Some of these things probably mean nothing to you. Most people are shocked when they find out I can’t ride a bike. But the truth is, there were a lot of things that I just didn’t make time for, because I was preparing for a future. Now I want to live it.

And that is the only thing that I can say to you that is noteworthy. On this last real night of my childhood, when I feel like I am finally becoming the adult I was too eager to become: I am so glad that I was a kid. That I felt the innocence. That I made the mistakes. That I looked stupid and embarrassed myself. That I believed the world could sort itself out. And that the most important people were my Mum and Dad – and they were like superheroes.

Because isn’t that what the world really needs? Child-like optimism. Through the 60 (or more likely 600) days of summer, all of these things one way or another were true and they made me happier than anything. I didn’t feel stress or frustration or loss. I just felt free.

Now I have stopped running, and I’m ready to fly.

Rhyme


 

I have always been jealous of poets. If you gave me a piece of paper and asked me to write a love letter, or an essay, or a blog then I would bring something to the table. I would not hesitate. By the time you finished reading this sentence, I would already be biting my lip deep in thought, scrawling down some ideas with a chewed biro. But I have never grasped poetry.

When students were burning their anthologies after they finished their English exams, I kept mine. I was never a devotee of Shakespeare but even my numbskull worked out he was a genius. I read Shelley’s Ozymandias 10 times the first time I saw it because it taught me about hubris. All of these words might not mean anything to you but they broadened my mind. Yet metre, rhyme and verse seemed to be ancient – relics of a middle-aged white man’s canon that I had no means of accessing, other than through old textbooks at school…

…then years later, sitting in a café in East London I was too young to appreciate, I heard someone rhyme on a microphone. I was not a fan of rap, nor its connotations, but this was different. This person wore a Trilby, read out of a Moleskine and rolled up the bottom of their jeans. The words rhymed, but they didn’t talk about daffodils or a rose by any other name, but about their Mum and leaving home. The words danced. And I closed my eyes and I felt the hair on the back of my neck move to the beat.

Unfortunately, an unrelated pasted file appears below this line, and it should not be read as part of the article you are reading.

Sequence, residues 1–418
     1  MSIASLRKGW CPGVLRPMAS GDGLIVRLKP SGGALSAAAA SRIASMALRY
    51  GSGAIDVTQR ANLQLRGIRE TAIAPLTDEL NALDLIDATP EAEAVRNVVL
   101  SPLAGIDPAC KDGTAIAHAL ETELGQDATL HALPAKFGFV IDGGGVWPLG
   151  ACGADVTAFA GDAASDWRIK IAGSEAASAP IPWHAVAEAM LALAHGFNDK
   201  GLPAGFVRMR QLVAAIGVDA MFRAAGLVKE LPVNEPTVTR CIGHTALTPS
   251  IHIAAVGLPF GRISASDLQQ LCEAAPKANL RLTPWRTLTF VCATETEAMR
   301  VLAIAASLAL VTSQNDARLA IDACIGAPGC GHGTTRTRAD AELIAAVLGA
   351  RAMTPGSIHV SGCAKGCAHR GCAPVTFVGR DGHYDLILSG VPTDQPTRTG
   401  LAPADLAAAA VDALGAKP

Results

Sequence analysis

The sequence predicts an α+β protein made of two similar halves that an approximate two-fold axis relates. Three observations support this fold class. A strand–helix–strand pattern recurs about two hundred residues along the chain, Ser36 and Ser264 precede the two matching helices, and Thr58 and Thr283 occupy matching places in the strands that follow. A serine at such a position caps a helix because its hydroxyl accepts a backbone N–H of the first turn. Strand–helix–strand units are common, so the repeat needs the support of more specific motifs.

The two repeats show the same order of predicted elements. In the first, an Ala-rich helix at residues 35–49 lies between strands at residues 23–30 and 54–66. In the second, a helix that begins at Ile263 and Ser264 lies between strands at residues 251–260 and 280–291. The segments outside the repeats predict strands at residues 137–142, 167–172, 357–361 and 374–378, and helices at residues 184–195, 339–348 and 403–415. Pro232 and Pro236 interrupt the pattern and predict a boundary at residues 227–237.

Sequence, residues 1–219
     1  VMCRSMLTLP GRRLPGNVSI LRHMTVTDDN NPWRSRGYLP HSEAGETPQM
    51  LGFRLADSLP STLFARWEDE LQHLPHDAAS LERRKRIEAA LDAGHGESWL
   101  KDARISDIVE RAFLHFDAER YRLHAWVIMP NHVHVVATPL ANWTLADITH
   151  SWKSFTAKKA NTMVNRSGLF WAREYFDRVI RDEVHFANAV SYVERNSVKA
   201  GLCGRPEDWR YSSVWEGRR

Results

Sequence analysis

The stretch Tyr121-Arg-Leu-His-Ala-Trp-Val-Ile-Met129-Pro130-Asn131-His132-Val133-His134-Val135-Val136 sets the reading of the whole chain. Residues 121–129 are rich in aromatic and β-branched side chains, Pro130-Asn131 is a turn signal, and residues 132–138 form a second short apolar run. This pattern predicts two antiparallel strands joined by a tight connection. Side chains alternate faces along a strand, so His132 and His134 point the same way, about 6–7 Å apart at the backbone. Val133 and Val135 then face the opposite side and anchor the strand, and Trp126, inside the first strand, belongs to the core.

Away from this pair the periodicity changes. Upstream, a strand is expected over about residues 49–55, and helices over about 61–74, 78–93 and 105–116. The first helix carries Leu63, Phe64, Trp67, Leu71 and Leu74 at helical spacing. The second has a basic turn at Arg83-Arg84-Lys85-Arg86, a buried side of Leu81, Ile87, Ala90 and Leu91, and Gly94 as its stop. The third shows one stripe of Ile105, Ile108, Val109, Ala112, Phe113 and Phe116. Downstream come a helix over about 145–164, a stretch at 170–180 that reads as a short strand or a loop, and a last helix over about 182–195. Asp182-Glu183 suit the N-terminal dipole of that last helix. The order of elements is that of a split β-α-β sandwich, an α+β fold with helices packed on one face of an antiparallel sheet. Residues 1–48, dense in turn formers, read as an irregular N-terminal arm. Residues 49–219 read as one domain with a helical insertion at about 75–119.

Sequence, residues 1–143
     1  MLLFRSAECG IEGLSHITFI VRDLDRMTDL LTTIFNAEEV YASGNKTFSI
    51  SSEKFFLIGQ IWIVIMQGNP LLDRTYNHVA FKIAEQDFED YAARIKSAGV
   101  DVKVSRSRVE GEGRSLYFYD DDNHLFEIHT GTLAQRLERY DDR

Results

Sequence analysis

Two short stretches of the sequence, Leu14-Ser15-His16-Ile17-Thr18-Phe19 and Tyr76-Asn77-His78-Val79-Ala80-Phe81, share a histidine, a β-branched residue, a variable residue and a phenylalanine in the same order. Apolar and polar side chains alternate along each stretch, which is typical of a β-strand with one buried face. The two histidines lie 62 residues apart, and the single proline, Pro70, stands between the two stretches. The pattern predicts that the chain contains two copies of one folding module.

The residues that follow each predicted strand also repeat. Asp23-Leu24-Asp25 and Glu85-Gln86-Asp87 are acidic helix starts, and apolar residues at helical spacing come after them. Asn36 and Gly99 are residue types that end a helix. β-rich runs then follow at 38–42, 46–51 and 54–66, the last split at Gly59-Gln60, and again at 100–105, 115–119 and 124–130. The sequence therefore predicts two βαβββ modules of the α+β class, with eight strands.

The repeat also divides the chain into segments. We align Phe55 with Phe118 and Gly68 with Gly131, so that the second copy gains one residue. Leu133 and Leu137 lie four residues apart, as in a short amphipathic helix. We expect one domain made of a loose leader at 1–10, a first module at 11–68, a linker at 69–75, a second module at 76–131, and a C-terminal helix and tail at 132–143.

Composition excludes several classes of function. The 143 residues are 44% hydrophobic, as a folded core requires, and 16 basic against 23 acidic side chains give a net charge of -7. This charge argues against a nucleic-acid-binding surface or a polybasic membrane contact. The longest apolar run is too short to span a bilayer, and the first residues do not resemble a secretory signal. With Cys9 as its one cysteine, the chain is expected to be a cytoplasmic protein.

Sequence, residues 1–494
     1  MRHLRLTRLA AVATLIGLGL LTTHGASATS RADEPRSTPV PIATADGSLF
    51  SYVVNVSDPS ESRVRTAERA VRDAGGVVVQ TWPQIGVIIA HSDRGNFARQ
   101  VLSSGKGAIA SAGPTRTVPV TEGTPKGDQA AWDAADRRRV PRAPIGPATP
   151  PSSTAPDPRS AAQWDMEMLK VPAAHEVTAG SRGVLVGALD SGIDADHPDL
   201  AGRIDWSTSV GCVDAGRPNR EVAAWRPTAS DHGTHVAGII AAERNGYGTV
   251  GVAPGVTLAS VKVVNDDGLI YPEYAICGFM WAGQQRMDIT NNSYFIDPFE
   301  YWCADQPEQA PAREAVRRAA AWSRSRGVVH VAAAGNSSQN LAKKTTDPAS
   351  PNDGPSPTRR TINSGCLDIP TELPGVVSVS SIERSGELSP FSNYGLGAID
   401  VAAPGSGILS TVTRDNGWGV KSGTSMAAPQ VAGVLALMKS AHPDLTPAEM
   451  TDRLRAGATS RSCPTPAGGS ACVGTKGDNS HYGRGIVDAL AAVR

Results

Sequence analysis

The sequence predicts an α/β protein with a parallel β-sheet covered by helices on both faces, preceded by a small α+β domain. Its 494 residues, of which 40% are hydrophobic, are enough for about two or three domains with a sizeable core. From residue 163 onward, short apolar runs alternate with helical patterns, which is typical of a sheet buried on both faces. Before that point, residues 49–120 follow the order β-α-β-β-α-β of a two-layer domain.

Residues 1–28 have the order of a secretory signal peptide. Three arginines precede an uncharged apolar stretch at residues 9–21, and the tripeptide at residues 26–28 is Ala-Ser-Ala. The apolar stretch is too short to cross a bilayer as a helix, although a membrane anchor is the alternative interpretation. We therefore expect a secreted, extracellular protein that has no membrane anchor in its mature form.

Spoken word changed the way I thought about poetry and hip-hop. It breathed life into something that I could never revive. But I never felt the confidence to write a single line, so I just listened and absorbed the words of George the Poet and Akala. Anthony Anaxagorou and Dean Atta. Kate Tempest and Dizraeli. Sarah Kay. Names are not important, but these talisman and women made me believe that finally the lines need to be written.

And so this is a call to those of you that like poetry or spoken word. Speak to me. Give me some advice. I have no idea where to start, but I know that the evolution of writing for me, ends in rhyme. If you have written, performed or just appreciate something then please start a conversation with me. From Khalil Gibran to Doctor Seuss, I am a sponge.

I made a bet with someone to write at least one poem and to share it with them. I now have a month left to fulfil it. If it is good then I have confirmed that I will perform it to an audience. This could be the start of something big. Watch this space.

Make the Mistake


garland-of-flowers

I recently wrote a post about breaking connections. Every relationship is a piece of rope and when they no longer become a support, it is important to cut them and forget about the fray. In my mind, when I was writing those words I could see a version of myself cutting those ties. A future, better Hiran having the confidence to say goodbye to a person that once meant so much. How optimistic I was.

The truth is that personal strength is often built with tissue paper. We wrap it around ourselves, the bonds getting stronger and stronger in the hope that it will provide us with some sort of protection. But all it takes is a splash of water to show us that this new-found confidence can be washed away and broken.